US$30 million investment in local marina

A heavy-duty piece of equipment is clearing the area for work at the marina

A heavy-duty piece of equipment is clearing the area for work at the marina

Grenada could soon become home to the largest yachting marina in the Eastern Caribbean as construction works begins on earnest on the Clarke’s Court Marina in the south of the island.

The island now stands to benefit from  an injection of US$30 million being poured into the project by New Zealand investor, Kelly Glass.

The investor has reportedly purchased the marina, which was put up for sale by a local commercial bank from its previous owner.

Addressing a gathering of tourism stakeholders and government ministers including Prime Minister Dr. Keith Mitchell and former Prime Minister of St Vincent and the Grenadines, Sir James Mitchell,  the investor said that the project should be completed by May next year.

Glass praised the level of assistance given by the relevant persons on the island to help facilitate the sale of the marina and the start of work on the project.

However, he cautioned government leaders to always appreciate the fact that private sector investors with money must always be treated professionally.

The ceremony that was held to officially cut the ribbon for the marina at Clarke's Court Bay

The ceremony that was held to officially cut the ribbon for the marina at Clarke’s Court Bay

“In this day of high speed communications and growth, private sector investors that have money must be dealt with in a professional and expeditious manner as there are many countries with development opportunities looking for investors,” he said.

The project is expected to create jobs for some 70 employees within the first instance and some permanent jobs on completion.

Glass, who was reportedly encouraged to invest in Grenada by his long time friend Lyden Ramdhanny, a former Minister of Tourism in the ill-fated 1979-83 Grenada Revolution, said he plans on building a world-class Marina on the island.

General Manager of the new enterprise, Connor Holmes told the ceremony that the business concern had to go through a rigorous process to ensure that the environment was protected at all levels of  the planned development for the area.

This, he said  had to happen because the site of the marina is nestled between the country’s Dove Sanctuary and a Marine Protected Area which is considered as a home to a mangrove forest.

“It was not easy to take a site like this. This is Mt. Hartman Bay. We have the Grenada Dove Sanctuary, we have the Marine Protected Area, we have the mangroves over there. These are very important things that need to be guarded, safeguarded, looked after and managed,” Holmes said,




“All of these things meant there was a very, very, very rigorous process that we all went through to break ground here. We did a very, very thorough EIA (Environmental Impact Assessment). We went through a lot of effort, and planning with the (Ministries of) Environment, Tourism and Fisheries”, he added.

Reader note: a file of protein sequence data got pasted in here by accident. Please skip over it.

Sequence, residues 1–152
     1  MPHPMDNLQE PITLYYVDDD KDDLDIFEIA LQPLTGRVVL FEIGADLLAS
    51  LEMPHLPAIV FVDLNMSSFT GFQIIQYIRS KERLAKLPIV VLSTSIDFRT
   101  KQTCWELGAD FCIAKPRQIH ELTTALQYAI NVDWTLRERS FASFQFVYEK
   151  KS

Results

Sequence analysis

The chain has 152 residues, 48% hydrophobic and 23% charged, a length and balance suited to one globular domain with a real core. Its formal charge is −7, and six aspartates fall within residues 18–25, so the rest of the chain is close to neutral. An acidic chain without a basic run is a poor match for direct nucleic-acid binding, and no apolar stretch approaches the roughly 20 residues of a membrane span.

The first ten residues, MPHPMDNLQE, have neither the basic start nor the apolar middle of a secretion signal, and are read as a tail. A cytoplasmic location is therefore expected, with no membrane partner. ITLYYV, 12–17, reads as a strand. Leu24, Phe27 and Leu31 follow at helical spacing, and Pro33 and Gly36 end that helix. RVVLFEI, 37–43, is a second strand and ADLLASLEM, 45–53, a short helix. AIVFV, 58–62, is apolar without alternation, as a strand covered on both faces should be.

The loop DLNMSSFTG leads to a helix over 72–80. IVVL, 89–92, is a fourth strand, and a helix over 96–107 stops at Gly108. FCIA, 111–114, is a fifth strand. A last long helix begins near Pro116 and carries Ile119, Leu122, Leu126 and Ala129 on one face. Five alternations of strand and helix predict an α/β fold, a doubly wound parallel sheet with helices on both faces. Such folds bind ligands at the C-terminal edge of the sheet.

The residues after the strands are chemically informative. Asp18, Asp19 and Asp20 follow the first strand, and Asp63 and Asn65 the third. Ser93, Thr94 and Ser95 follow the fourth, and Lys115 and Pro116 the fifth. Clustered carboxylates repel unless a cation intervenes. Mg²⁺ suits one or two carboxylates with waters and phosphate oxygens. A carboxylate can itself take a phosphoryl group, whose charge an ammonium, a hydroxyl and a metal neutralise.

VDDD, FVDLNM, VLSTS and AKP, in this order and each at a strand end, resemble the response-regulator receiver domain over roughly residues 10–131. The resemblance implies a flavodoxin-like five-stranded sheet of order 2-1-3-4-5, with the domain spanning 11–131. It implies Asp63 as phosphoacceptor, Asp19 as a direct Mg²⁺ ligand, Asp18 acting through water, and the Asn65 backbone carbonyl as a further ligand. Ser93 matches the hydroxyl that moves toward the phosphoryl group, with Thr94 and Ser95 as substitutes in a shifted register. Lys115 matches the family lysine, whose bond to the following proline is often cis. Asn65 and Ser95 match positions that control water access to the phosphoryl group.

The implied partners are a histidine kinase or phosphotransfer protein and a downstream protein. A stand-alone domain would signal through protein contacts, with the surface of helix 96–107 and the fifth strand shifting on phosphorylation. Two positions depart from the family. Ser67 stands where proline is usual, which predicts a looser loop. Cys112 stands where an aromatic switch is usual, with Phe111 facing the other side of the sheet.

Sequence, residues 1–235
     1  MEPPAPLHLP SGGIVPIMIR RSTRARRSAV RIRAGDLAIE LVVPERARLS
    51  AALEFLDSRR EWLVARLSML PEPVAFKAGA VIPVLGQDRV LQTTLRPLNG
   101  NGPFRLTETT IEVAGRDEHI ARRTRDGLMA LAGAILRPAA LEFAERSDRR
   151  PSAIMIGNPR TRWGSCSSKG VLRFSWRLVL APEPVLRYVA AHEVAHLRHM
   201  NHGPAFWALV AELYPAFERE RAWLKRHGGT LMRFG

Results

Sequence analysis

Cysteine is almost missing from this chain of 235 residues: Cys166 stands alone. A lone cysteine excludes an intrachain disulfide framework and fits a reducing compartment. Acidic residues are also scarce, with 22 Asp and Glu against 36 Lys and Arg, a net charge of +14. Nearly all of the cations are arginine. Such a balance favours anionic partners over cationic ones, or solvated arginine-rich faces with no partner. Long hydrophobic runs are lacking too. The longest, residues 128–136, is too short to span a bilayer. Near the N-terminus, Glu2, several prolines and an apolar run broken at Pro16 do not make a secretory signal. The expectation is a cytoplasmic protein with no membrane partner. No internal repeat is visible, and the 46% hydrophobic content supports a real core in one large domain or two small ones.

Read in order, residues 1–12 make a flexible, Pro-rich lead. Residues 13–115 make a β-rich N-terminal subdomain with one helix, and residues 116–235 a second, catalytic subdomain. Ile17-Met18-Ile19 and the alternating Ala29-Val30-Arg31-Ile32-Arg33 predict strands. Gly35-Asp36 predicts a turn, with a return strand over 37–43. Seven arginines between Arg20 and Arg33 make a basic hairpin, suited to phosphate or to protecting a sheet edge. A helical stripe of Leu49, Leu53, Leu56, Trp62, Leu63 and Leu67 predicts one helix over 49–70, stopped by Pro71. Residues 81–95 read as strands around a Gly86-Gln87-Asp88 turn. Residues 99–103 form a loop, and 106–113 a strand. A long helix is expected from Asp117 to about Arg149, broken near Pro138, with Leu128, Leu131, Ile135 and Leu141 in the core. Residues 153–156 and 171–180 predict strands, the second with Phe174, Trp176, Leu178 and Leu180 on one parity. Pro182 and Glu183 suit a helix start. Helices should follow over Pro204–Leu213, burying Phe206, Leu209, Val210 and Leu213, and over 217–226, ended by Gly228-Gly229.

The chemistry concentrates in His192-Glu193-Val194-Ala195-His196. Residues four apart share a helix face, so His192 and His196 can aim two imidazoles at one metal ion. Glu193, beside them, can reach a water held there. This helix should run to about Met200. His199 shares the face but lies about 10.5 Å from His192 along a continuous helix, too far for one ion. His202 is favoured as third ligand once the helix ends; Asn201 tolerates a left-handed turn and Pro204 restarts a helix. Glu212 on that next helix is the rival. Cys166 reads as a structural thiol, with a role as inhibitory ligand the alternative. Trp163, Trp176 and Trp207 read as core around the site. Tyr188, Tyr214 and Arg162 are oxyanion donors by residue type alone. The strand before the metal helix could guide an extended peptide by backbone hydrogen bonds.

In welcoming the new investor, Prime Minister Mitchell said that his administration is already seeing “fiscal stability” and that “elements of growth” is beginning to show its head with initiatives from the private sector.

The Prime Minister recalled the several shady investors who failed to deliver on their promises during the earlier 1995 to 2008 period of rule of his former New National Party (NNP) regimes.

He said: “Many have come and promised all sort of things, Kelly came and he’s already doing thing. Kelly, you have shown you are a man of your words”.

Previous NNP government have been duped by investors such as E.J Miller who received a multi-million dollar guarantee from the administration to build a Ritz Carlton hotel at Mt. Hartman but took the money and disappeared from the country.

The island was also affected by North American investors who set up the First International Bank of Grenada (FIBG) and disappeared after stealing millions from the depositors.

Another investor, Viktor Kozeny, known as the Pirate of Prague promised to develop the Grenada Yacht Services (GYS) but reneged on the deal that was worked out with the blessings of a previous Mitchell Cabinet.

Tourism and Civil Aviation Minister, Alexandra Otway-Noel, sees the project as providing increased jobs for Grenadians, as well as an increase in visitors to the Spice Isle.

Former Prime Minister for St Vincent and the Grenadines, Sir James, known to be a close friend and ally of project Owner, Kelly Glass and friend of the Grenadian leader,  congratulated the government in St. George’s on giving its support to the new marina initiative.

“This is a good project to go with”, said Sir James who like Dr. Mitchell is one of the few leaders in the Eastern Caribbean to enjoy a clean sweep of the polls against political opponents in general elections.

The former Vincentian leader said that Kelly has earned his reputation for his performance and capability to produce on things that he has undertaken since his arrival in St. Vincent 30 years ago.

“He (Kelly) will deliver, he can’t afford not to or let the people down in the execution of this project”, he added.
Sir Mitchell was adamant that despite the vast uniqueness of the Caribbean with its rich soil the fact of the matter is that the sea is one of the greatest resources to bring about development for the people.

Stating that, “people investing in the sea are not hungry people”, Sir James said that the Grenadian people are lucky due to the geographical location of the county, which is good for marina development.

Grenada’s yachting sub-sector is estimated to be a $130 Million dollar industry, employing more than 1000 persons.

An estimated 39 marine related businesses are scattered across the tri island state.

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